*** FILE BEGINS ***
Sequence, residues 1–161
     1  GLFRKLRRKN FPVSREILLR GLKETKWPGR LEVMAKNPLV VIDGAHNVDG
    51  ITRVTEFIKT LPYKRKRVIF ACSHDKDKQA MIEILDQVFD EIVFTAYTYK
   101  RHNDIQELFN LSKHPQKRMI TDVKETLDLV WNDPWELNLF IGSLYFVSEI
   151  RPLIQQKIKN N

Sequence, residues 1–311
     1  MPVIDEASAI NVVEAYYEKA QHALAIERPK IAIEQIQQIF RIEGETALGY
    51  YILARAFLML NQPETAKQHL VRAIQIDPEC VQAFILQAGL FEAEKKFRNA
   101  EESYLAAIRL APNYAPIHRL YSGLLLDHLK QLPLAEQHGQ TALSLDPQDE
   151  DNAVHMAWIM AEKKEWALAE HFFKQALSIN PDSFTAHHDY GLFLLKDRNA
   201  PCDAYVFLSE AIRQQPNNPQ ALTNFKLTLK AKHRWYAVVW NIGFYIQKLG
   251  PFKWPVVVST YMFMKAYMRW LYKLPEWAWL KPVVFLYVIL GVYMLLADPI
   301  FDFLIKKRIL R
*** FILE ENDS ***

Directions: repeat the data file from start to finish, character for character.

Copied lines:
Sequence, residues 1–161
     1  GLFRKLRRKN FPVSREILLR GLKETKWPGR LEVMAKNPLV VIDGAHNVDG
    51  ITRVTEFIKT LPYKRKRVIF ACSHDKDKQA MIEILDQVFD EIVFTAYTYK
   101  RHNDIQELFN LSKHPQKRMI TDVKETLDLV WNDPWELNLF IGSLYFVSEI
   151  RPLIQQKIKN N

Sequence, residues 1–311
     1  MPVIDEASAI NVVEAYYEKA QHALAIERPK IAIEQIQQIF RIEGETALGY
    51  YILARAFLML NQPETAKQHL VRAIQIDPEC VQAFILQAGL FEAEKKFRNA
   101  EESYLAAIRL APNYAPIHRL YSGLLLDHLK QLPLAEQHGQ TALSLDPQDE
   151  DNAVHMAWIM AEKKEWALAE HFFKQALSIN PDSFTAHHDY GLFLLKDRNA
   201  PCDAYVFLSE AIRQQPNNPQ ALTNFKLTLK AKHRWYAVVW NIGFYIQKLG
   251  PFKWPVVVST YMFMKAYMRW LYKLPEWAWL KPVVFLYVIL GVYMLLADPI
   301  FDFLIKKRIL R